Daylight Saving Time - Sleep Adjustment

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Let’s get ready to Fall Back on November 1st. Clocks will roll backward by one hour at 2:00 a.m., Sunday, November 1st. However, a young child’s circadian rhythm does not know this and may take some time to adjust to the change.

Young children’s sleep schedules are tied to their internal clocks. They do not adapt as quickly to time change as adults, and they don’t have the benefit of caffeine to help them get through the change! 

Here are a few tips to make this Fall Back a little easier:

  • Prepare to shift your child’s internal clock, starting seven days before the time change. If you’re able, consider shifting your child’s entire schedule to 10-15 minutes later every three days. This should include eating, naps, wake-up and bedtime. So if your child goes to bed at 7:00 p.m., shift to 7:15 p.m. or later.  

    Example of a Bedtime Change:

                                                        Sunday               7:00

                                                        Monday             7:10

                                                        Tuesday              7:20

                                                        Wednesday         7:35

                                                        Thursday            7:50

                                                        Friday                 8:05

                                                        Saturday             8:15

  • Be consistent with the routine on the adjusted schedule throughout the day.
  • Be sure to get some sunshine after waking to help reset your child’s internal clock.
  • Remember that every child is different and may adjust differently to changes in their sleep schedule. It may take a week to adjust to the new time change.

Your Baby’s Sleep Strategy

Did you know newborns have different sleep patterns than older babies and don’t develop the ability to self soothe until four to six months of age? As a pediatric nurse practitioner, lactation consultant and sleep consultant, exhausted parents often ask me why their infant or child wakes up so often throughout the night. Parents often feel guilty or concerned that they have “spoiled” their newborns by nursing or rocking them to sleep.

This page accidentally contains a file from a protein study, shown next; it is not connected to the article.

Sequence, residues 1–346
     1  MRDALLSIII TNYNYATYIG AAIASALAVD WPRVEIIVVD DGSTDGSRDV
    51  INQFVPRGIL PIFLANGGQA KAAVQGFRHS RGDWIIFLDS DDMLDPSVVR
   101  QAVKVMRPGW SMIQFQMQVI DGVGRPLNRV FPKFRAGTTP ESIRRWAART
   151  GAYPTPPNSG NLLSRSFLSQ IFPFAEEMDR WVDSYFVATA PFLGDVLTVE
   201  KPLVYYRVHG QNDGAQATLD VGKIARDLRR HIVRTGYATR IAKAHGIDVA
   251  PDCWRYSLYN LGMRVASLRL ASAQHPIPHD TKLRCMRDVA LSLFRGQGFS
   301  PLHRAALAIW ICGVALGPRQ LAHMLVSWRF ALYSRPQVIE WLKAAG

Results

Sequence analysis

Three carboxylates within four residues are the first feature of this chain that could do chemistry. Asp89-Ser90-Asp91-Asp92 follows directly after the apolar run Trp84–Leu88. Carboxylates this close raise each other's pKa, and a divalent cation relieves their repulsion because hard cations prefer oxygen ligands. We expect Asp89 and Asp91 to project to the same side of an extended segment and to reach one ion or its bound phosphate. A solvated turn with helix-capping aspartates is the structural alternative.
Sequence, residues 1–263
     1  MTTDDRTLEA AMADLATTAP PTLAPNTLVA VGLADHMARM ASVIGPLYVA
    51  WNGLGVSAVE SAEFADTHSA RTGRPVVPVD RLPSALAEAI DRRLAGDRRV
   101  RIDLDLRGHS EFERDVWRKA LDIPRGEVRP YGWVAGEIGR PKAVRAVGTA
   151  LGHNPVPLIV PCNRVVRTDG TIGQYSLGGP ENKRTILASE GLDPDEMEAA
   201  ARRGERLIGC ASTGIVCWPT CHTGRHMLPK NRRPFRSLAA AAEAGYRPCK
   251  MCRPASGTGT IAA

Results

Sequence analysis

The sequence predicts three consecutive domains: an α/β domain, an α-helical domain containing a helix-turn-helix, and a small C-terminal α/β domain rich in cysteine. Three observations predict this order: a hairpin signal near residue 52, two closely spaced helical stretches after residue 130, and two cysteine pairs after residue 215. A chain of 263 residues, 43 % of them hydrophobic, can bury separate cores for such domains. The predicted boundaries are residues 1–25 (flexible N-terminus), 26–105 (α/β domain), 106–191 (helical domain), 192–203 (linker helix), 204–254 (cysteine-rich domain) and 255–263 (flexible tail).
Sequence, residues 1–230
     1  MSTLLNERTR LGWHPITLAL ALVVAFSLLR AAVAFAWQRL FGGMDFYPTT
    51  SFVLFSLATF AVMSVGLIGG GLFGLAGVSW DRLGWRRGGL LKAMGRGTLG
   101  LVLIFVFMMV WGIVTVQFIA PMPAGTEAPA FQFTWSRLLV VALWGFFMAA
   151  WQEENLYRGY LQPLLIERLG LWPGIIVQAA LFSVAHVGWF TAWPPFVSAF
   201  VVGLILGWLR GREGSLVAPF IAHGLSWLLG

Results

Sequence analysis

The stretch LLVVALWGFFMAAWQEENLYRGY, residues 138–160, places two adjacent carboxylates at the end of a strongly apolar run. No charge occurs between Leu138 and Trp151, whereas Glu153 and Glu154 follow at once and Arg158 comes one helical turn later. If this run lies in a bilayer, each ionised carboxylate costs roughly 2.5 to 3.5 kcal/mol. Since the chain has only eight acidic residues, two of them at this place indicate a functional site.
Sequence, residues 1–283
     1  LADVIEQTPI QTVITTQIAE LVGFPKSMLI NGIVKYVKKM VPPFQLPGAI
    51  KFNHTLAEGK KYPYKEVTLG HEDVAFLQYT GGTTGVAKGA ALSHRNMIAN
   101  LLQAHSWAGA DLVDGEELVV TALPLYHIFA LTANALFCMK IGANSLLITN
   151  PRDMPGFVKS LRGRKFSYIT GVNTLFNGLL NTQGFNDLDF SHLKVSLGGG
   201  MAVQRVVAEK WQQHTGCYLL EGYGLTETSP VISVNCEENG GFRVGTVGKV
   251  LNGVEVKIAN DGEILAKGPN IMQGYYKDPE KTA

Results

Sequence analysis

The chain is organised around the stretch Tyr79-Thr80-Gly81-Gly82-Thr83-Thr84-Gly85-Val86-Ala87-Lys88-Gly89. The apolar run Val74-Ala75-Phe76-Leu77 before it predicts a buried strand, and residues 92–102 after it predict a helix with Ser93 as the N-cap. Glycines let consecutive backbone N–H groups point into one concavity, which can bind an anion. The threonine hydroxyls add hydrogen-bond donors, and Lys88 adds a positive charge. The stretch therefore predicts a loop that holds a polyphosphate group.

As a Certified Gentle Sleep Coach, my response is that you can’t over-indulge an infant. During the first four weeks of life, the range of sleep may be between 14-17 hours each day.  It’s normal for babies at this age to have short periods of wakefulness and unpredictable sleep schedules.

At around four months of age an infant’s internal clock, or circadian rhythm, is beginning to develop. While the baby’s internal clock is developing, exposure to outdoor light and fresh air during the day can help begin to regulate their body’s natural cycle.

Parents can help create a sleep-friendly environment for young infants by applying gentle sleep coping strategies such as:

·  A pre-sleep ritual of no more than 20 minutes: nursing or a giving bottle, having a warm bath, massage, and swaddling.

  Putting your baby down drowsy but awake.

  Room darkening shades and comforting white noise. 

  Establishing a consistent bedtime.

  Consider a sleepy feed or dream feed.

  Be aware of your infant’s sleep cues and use them to initiate the pre-sleep ritual.

How Much Sleep Does Your Child Need?

Children need more sleep then you think!  Find your child's age and see how much they should be sleeping... total hours include night-time and day naps.... Naps are a must for children to sleep well during the night.

Newborn   0-3 months: 14-17 hours 

Infant   4-11 months: 12-15 hours

Toddler   12-18 months: 11-14 hours

Toddler   1-2 years: 11-14 hours

The above is just an average, but a child should not be off by an hour either way. Babies under five months of age often do not yet have the ability to self-soothe, but respond well to consistent bedtime routines.

Is your child sleeping enough?  A Gentle Sleep Coach can help him or her sleep well and wake up happy!